The Office of Refugee Resettlement has directed shelters to expedite the release of some unaccompanied minors with parents or legal guardians in the U.S. to reduce strained capacity at shelters.
Shelters overseen by the US government received more than 7,000 migrant children in February 2021, according to government data. This represents a record number for that month during any year.
- At this point, no one at the migrant border camp in Matamoros, Mexico, has tested positive for COVID-19. The camp is receiving support from Global Response Management (GRM). Many of the nurses and doctors running the border clinics in Matamoros are Cuban asylum seekers themselves.
- Sin Embargo reports on how Ciudad Juárez is attempting to mitigate the spread of coronavirus among migrants. The operation includes a “filter hotel,” established on May 9, where migrants who arrive in the city quarantine with frequent checkups before being allowed to access a migrant shelter. It is supervised by specialists and doctors, many of whom are migrants themselves. The “hotel” has a capacity of 108 people and has hosted 22 people so far.
- NPR releases a two-part series investigating the increasing pressure put on refugees seeking safety in the United States from the southern border. It follows migrants waiting in Ciudad Juárez who are living through the United States’ rapid policy changes, and also focuses on the support the Trump administration receives from the Mexican government despite public rejection of U.S. policies.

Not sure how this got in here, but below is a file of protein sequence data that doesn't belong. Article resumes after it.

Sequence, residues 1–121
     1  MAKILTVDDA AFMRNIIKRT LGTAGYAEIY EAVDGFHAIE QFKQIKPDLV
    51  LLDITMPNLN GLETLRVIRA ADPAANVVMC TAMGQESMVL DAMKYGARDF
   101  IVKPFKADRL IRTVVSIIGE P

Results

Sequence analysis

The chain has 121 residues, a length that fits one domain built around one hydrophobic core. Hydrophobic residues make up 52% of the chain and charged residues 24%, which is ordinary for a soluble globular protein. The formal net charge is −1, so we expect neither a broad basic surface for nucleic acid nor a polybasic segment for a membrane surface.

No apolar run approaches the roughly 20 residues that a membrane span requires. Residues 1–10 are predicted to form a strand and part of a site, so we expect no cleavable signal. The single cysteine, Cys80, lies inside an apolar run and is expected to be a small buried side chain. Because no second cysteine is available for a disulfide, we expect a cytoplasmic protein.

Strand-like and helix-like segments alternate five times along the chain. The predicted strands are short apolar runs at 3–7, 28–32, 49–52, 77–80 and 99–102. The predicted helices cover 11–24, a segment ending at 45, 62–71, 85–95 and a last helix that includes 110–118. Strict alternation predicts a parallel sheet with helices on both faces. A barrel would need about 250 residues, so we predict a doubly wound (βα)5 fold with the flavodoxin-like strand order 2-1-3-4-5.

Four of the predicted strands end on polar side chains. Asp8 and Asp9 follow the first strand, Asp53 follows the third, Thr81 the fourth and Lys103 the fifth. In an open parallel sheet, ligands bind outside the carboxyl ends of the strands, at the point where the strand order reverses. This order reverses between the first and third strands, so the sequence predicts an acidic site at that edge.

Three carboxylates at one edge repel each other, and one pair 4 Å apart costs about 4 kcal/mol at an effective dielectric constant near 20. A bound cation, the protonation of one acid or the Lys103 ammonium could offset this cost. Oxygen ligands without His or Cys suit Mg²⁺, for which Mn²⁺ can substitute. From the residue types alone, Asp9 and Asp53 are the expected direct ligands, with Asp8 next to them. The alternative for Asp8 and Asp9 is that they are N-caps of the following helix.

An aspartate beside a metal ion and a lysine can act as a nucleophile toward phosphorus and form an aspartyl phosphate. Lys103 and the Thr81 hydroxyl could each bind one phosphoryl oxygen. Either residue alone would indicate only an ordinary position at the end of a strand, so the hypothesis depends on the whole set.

- TPR reports on the migrant encampment in Matamoros, Mexico, which shelters over 1,500 people. Helen Perry, executive director of Global Response Management (GRM), shares that there have not been any positive cases within the camp – a testament to the safety measures introduced. In addition to quick isolation and testing of anyone showing symptoms, GRM and its volunteers are rapidly constructing tented hospitals and manufacturing over 100 hand-made masks every day.
- The New York Times reports on La 72, a large migrant shelter in southern Mexico. In the past, it has sheltered as many as 2,000 migrants in a month. According to the report, traffic has come to a grinding halt since late March, with less than 100 migrants passing through and nearly all headed south attempting to return to Central America.
Caption: “A family pictured outside a shelter for refugees and asylum-seekers in Tapachula, Mexico, in September 2019.”
An interview with Joanna Williams, Director of Education and Advocacy at the Kino Border Initiative in Nogales, Arizona/Sonora.